I’ve been living in Japan for 37 years. Prior to that I had been teaching English in America for 5 years. I’ve been doing Extensive Reading (ER) for at least 35 years. And I’ve been teaching in my current university for 31 years, in charge of the reading program for probably 35 years. So what my doing is not a new fad.
How I came to this field is sort of strange and unique. In undergraduate days, my major was elementary education and early childhood education and my minor was learning disabilities. Basically I was trained to be a reading specialist.
But then when I got out of the undergraduate, in the mid 1970s teaching jobs were very difficult to find but I got a teaching job in a maximum security prison in Southern Illinois, as a reading teacher.
In this particular prison, they started sending me the Spanish speakers, most of whom were Mexican and Puerto Rican speakers and they were prisoners. They were sent to me because they couldn’t read. Well, of course they could not read because English is not their first language.
So I started out by buying EFL (English for Foreign Learners) and ESL (English as a Second Language) books. I split off one of my reading classes and started to work with these Spanish speakers. And that made me back to graduate school and I really enjoyed that.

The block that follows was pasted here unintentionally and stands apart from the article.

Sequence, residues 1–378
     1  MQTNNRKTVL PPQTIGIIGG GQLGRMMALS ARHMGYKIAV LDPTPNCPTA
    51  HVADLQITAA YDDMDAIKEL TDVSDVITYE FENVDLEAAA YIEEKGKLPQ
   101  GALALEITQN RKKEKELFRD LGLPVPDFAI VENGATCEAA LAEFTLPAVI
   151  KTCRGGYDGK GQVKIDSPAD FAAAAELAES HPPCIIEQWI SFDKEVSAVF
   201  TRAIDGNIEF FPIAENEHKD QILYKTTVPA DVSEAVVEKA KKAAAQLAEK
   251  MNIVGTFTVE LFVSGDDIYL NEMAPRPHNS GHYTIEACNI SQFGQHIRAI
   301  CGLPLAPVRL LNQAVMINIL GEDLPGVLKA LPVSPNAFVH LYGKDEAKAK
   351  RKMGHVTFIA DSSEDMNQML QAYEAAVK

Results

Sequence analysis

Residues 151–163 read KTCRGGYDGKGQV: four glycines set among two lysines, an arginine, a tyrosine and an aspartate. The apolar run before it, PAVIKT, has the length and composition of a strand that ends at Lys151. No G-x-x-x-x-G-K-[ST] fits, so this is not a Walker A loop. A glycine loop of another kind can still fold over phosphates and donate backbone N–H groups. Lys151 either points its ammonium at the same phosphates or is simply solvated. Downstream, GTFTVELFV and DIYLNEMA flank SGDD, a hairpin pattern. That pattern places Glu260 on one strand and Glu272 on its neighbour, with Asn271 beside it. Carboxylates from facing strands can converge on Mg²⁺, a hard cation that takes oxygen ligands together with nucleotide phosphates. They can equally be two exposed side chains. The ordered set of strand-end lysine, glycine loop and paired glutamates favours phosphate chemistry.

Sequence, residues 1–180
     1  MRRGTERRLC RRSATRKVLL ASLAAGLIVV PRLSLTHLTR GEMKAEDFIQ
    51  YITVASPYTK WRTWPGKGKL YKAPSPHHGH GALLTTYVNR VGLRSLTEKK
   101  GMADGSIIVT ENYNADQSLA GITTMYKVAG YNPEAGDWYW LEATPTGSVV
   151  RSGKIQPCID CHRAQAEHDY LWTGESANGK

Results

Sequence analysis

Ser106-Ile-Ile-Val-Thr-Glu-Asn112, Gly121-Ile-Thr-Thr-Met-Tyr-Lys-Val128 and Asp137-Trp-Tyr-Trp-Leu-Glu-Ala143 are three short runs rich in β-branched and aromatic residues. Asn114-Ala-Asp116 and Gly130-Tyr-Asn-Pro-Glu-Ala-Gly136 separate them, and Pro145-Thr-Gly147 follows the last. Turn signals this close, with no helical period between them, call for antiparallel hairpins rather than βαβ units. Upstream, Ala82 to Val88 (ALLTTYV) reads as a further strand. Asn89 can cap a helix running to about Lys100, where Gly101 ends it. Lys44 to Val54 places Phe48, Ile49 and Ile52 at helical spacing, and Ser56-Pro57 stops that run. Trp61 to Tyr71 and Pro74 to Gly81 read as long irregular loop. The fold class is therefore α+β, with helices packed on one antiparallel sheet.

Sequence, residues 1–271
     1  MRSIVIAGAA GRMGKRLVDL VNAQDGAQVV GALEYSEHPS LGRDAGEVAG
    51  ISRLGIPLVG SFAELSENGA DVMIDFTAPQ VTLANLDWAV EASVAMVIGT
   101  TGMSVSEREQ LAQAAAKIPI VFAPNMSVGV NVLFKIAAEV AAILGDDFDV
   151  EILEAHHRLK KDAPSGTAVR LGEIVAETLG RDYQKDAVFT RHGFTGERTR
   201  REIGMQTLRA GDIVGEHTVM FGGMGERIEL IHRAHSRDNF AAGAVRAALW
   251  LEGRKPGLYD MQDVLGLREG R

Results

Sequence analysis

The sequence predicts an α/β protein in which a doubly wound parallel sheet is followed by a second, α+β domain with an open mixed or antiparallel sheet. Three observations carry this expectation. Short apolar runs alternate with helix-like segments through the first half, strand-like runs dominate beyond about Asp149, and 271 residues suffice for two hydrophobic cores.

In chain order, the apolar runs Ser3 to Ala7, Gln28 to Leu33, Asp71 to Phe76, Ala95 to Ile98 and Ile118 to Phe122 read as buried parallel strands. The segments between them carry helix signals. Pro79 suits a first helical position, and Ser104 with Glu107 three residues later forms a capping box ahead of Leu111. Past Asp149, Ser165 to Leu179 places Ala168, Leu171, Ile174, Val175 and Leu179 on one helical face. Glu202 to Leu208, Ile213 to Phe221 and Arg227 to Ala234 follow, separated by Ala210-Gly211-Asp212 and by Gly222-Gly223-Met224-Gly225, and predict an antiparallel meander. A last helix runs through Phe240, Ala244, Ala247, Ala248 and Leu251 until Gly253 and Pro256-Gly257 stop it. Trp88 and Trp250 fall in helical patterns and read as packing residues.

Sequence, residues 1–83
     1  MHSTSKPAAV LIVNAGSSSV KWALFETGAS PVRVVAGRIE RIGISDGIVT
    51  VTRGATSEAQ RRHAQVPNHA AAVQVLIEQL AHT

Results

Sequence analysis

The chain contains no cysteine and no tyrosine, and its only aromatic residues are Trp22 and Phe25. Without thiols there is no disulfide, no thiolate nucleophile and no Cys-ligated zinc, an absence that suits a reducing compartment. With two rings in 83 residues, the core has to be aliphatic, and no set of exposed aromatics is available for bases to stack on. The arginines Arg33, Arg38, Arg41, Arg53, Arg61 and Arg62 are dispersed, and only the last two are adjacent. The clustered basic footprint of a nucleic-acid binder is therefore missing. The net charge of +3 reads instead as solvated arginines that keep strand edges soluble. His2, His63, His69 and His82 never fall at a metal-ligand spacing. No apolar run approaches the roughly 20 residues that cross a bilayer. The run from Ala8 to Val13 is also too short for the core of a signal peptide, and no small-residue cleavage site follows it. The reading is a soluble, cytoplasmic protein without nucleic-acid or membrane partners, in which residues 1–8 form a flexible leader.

Prison was also a very interesting place but I don’t want to spend the rest if my lfe teaching there even it’s my job.
As a young man, I was always longing to travel and teach and be a writer, which is also a priority. In 1982 I moved to Japan, started teaching in a conversation school for several years and eventually got hired by an institution.
Back in the mid 1980s, many American universities opened Japan campuses. So I started teaching at the University of Pittsburgh campus. And I got hired by my own school (Miyagi Gakuin Women’s University, Japan).
He is now enthusiastically helping teachers around the world believe that they can make a difference. That is why teachers become teachers. To open new worlds for students and extensive reading can do that!
(As told by Prof. Marc Helgesen himself)